A moveable feast...
Websites that offer users the chance to express themselves - whether by sharing their latest home videos or editing encyclopedia entries on obscure Japanese anime - are reaping the rewards in spades, research has found.
Sites championing user-generated content have seen a significant leap in traffic on the year ago period, according to statistics from research company comScore - and several are now among the top 50 UK web property rankings.
The Wikipedia network, which includes an online encyclopedia and dictionary written and edited entirely by users, has jumped from being the 78th most visited UK website in July 2005 to 16th a year later - a traffic increase of 253 per cent. This makes the Wikipedia family the most popular incarnation of the user-generated cadre, racking up 6.5 million visitors as of July this year.
Other sites crashing into the UK top 50 on the back of users' hard graft include News Corp-owned social-networking giant MySpace.com (with an increase of 467 per cent to 5.2 million visitors), video-sharing upstart YouTube.com - which officially launched in December 2005 but has already garnered 3.9 million visitors - and teen favourite Bebo.com (up 328 per cent to 3.9 million visitors).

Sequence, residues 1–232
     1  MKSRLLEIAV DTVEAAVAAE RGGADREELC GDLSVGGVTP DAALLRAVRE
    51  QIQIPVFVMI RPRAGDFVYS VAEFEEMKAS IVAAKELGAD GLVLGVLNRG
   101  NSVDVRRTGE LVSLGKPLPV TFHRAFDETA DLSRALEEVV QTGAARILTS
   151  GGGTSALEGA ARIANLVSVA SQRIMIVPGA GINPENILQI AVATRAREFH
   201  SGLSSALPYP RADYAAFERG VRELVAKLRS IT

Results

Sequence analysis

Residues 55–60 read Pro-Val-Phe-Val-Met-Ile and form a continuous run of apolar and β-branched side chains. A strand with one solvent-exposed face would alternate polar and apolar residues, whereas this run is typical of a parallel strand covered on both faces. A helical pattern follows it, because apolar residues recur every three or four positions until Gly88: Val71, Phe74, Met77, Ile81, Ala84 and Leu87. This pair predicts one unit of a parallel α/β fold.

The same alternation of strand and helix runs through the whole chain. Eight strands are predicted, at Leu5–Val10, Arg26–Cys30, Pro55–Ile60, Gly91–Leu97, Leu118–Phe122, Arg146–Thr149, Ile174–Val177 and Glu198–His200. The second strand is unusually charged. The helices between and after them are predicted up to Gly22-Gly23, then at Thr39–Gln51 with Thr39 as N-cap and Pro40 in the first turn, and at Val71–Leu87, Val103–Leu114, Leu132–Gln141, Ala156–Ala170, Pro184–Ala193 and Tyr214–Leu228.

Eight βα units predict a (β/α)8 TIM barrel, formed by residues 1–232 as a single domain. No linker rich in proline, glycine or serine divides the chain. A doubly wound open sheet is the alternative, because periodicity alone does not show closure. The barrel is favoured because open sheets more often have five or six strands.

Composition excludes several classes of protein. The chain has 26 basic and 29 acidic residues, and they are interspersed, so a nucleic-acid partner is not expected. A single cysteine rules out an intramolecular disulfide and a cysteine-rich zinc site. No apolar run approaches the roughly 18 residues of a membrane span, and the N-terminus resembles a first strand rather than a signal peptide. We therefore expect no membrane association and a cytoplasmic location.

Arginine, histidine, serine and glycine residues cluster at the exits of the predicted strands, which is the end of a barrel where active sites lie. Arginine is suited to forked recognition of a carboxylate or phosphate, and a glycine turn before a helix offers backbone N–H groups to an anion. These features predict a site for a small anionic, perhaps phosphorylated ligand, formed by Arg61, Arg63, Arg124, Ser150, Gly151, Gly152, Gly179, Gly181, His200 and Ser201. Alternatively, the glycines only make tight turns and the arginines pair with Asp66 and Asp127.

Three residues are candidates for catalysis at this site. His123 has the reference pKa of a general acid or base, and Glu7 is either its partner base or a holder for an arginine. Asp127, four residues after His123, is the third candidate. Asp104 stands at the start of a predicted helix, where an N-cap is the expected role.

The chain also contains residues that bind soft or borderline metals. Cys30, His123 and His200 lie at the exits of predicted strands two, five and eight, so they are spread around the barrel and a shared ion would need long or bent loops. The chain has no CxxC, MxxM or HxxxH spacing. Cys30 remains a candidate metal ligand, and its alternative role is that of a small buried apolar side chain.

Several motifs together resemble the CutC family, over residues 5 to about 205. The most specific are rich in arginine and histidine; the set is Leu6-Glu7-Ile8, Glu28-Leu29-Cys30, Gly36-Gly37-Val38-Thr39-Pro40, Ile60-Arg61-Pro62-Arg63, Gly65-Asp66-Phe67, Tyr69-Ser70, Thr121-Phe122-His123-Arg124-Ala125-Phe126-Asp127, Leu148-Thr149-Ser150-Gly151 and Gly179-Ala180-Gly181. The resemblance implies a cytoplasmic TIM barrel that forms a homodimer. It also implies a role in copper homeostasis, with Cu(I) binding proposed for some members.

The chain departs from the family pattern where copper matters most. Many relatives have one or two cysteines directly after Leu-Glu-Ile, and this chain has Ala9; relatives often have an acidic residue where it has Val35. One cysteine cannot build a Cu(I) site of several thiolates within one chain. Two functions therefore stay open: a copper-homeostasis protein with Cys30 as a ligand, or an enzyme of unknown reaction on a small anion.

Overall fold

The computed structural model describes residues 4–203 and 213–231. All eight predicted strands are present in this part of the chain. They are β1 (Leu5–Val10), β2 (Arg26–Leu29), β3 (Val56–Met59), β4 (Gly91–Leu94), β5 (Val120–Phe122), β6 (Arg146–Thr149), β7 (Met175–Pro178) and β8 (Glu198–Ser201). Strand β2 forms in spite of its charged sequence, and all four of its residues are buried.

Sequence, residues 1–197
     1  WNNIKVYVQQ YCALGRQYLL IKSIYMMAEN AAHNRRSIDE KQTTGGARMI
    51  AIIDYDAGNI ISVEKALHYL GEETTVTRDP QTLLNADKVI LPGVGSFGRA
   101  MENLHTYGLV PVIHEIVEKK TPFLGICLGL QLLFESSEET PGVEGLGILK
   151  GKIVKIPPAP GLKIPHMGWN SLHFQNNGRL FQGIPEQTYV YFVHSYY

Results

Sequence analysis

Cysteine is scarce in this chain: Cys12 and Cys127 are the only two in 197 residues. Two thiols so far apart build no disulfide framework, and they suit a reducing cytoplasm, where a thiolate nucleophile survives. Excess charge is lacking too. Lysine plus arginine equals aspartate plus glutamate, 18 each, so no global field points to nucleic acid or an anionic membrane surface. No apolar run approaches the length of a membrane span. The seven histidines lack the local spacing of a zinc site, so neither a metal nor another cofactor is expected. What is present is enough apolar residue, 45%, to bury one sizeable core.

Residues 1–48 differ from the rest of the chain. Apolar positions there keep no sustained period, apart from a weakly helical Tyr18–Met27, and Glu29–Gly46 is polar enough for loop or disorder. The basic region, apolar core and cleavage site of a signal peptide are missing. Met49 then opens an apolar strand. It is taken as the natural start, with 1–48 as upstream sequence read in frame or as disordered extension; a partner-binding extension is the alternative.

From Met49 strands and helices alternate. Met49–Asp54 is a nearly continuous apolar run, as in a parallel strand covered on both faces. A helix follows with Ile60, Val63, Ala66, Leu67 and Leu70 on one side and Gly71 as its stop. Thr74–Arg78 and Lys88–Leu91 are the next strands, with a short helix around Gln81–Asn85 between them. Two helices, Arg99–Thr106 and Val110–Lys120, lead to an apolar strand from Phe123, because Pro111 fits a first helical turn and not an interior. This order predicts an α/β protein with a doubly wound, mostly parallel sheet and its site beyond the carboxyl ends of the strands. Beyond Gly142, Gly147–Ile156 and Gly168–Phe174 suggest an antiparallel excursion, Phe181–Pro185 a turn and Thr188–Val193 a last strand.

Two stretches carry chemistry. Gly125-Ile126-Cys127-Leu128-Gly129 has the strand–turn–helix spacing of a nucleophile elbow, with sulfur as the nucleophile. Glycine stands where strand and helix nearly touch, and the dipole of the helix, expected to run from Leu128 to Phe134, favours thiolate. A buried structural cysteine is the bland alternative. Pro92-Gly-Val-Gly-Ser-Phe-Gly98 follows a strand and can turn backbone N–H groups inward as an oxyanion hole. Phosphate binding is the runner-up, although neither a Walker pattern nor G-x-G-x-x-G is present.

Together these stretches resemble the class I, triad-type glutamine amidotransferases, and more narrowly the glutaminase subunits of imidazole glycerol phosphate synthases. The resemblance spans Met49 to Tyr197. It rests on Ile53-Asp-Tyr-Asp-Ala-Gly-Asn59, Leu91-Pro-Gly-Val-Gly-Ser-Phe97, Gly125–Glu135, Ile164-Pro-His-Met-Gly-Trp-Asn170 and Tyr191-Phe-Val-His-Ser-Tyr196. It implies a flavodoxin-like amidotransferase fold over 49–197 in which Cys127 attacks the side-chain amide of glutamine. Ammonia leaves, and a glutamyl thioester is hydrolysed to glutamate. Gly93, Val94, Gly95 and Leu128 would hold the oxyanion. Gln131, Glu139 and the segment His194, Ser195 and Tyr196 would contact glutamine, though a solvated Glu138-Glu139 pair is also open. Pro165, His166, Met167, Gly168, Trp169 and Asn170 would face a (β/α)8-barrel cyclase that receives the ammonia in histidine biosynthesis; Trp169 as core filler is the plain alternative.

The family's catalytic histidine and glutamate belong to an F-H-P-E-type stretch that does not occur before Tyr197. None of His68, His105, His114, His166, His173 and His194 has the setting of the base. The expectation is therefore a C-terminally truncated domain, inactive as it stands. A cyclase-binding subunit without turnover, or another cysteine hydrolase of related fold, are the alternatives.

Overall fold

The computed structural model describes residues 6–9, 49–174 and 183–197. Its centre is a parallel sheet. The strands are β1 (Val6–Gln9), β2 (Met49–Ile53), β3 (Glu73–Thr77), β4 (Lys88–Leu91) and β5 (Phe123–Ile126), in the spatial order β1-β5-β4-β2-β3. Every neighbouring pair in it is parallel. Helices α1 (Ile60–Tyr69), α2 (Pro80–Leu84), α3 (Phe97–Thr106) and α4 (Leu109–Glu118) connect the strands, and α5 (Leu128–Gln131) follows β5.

Visitors to web 2.0 sites are not only arriving in droves but staying for several drinks, according to comScore.
Collectively the leading user-generated content sites draw more frequent visits than sites that create their own content, and their visitors also stay for longer and view more pages, the research found. Social networking sites in particular get a lot of face time from users.
Bob Ivins, managing director of comScore Europe, said many of the websites currently seeing the fastest rates of growth are those that tap into their audience's need for self-expression, which in turn encourages others to join the party. "It is the classic network effect at work," he said in a statement.
The three most visited websites in the UK are Google UK, Yahoo! and eBay UK, according to site traffic monitoring company Alexa.